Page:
Médecins Sans Frontières (MSF) says it has treated 4,339 people suffering from moderate or severe acute malnutrition in over three months in southern Madagascar.

Development Diaries reports that since March 2021, the humanitarian organisation, also known as Doctors Without Borders, has been setting up mobile clinics that deliver screening and treatment for acute malnutrition in more than 15 sites in Anôsy and Androy regions.

It is understood that MSF teams have now begun distributing food and recently opened an inpatient therapeutic feeding centre in the hospital in the town of Ambovombe.

More than 1.4 million people, according to the United Nations (UN), are grappling with food insecurity, with thousands of children severely ill.

According to MSF, the current acute food and nutrition crisis can be attributed to the recent fall in food production across the region.

Since October 2020, the government of Madagascar and the UN World Food Programme (WFP) have assisted around 750,000 people through general food distribution combined with the distribution of supplementary food for the prevention of moderate acute malnutrition in children under five as well as pregnant and nursing women.

With food production projected to fall 70 percent below the last five-year average, there are concerns that the food crisis could deteriorate further.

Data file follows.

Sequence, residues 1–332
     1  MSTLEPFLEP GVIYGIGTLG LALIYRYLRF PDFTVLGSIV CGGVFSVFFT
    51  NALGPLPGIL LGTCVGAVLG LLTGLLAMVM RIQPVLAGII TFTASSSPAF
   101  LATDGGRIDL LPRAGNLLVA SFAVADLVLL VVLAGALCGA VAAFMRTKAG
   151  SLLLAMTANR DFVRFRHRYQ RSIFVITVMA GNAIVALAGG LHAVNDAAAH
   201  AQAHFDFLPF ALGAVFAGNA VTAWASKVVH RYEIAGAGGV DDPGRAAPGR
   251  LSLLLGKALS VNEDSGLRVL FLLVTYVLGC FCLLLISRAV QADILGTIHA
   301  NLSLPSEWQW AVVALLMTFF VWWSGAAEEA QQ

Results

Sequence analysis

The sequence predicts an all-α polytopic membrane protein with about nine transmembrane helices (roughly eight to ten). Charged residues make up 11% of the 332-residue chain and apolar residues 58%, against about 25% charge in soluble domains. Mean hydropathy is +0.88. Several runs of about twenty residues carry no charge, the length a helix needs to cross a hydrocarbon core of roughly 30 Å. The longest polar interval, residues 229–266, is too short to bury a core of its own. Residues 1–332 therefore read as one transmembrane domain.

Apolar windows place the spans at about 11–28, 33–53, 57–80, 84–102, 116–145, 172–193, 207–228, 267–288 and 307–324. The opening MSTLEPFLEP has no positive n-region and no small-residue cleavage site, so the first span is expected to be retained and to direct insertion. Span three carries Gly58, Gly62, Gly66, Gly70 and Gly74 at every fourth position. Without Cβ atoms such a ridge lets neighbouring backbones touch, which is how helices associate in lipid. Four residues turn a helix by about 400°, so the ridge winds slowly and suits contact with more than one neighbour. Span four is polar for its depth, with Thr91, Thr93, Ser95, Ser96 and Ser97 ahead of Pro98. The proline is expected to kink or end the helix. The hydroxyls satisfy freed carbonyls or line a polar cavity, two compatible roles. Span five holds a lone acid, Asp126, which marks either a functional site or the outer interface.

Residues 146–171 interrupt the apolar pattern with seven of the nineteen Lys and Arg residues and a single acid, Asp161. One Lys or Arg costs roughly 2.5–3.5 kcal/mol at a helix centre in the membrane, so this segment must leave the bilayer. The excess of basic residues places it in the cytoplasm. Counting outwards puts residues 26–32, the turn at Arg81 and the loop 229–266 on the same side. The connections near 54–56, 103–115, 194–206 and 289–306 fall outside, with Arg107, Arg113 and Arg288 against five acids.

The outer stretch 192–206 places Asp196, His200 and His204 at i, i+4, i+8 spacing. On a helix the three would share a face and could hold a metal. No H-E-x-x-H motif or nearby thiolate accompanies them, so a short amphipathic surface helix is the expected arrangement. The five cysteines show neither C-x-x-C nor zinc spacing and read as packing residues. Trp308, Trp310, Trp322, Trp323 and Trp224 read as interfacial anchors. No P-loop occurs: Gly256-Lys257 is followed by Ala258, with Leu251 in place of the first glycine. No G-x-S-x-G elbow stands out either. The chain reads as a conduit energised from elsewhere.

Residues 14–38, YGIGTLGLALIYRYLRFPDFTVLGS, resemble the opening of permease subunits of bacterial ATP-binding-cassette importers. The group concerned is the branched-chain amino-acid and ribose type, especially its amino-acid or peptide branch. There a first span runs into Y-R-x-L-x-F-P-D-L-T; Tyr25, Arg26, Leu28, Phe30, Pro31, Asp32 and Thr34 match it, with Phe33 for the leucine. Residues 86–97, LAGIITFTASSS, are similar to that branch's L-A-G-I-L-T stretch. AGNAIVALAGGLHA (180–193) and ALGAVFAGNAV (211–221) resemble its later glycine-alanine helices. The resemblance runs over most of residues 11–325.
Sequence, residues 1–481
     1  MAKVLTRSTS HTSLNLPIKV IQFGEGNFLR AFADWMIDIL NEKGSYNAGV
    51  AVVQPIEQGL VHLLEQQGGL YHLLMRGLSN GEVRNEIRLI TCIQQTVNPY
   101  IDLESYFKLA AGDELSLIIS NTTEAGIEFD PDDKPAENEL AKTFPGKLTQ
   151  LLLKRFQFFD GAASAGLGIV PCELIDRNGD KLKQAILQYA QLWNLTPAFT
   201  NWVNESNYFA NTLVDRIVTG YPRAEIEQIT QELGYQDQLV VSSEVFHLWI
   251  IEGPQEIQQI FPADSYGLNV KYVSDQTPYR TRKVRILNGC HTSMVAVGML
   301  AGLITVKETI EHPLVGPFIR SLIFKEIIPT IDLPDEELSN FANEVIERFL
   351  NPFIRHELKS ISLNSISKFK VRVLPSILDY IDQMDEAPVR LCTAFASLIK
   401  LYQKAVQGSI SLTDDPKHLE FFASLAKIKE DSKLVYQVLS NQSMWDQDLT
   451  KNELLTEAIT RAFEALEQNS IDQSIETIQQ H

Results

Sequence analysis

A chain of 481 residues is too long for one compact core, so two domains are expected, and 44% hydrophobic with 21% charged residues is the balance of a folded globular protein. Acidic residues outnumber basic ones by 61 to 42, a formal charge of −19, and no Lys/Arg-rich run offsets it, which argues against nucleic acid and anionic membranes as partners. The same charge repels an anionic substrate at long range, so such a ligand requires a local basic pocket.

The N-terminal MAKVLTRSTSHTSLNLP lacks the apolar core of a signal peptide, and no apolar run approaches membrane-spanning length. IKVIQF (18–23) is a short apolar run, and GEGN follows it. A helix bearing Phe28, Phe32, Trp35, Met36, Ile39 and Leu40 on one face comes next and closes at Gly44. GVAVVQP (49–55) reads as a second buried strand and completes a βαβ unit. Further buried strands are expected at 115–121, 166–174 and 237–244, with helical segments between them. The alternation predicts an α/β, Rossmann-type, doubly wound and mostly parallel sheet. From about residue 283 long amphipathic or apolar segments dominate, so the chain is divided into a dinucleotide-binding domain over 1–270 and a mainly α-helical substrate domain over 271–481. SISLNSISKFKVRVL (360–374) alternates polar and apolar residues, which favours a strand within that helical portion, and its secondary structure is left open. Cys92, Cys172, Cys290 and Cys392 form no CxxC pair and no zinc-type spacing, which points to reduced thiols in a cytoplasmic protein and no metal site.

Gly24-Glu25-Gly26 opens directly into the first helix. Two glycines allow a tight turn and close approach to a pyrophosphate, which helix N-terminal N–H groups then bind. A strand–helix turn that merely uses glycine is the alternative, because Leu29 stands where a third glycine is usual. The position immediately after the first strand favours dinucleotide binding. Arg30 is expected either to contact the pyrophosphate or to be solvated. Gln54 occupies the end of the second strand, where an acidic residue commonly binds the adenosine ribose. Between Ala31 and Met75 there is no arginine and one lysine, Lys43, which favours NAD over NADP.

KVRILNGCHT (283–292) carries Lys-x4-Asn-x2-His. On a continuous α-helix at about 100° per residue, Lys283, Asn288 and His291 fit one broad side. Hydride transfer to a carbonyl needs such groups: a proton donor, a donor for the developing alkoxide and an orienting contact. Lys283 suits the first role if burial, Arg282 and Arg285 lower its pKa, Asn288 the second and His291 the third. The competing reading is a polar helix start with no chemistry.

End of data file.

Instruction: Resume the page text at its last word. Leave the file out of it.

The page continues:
However, through the establishment of mobile clinics for treating malnutrition and other medical complication, MSF emergency teams have begun the distribution of food rations to families to help them restore access to food.

Each ration is said to contain approximately 66 kilogrammes of rice, beans, oil, and salt, with a ration expected to last at least one month.

‘We are seeing malnourished children struggle to regain weight after weeks of treatment in our mobile clinics’, said MSF’s Head of Emergency Programmes, Berengere Guais, in a statement.

‘The medical care we provide and the half-rations different organisations have been distributing are not enough to reverse the trend in a setting where there is so little access to food.

‘A massive increase in emergency food assistance is an absolute priority’.

MSF, it is understood, has also partnered with local authorities to launch the construction of an inpatient therapeutic feeding centre in a hospital in Ambovombe.

Source: MSF

Photo source: iAko M. Randrianarivelo/MSF


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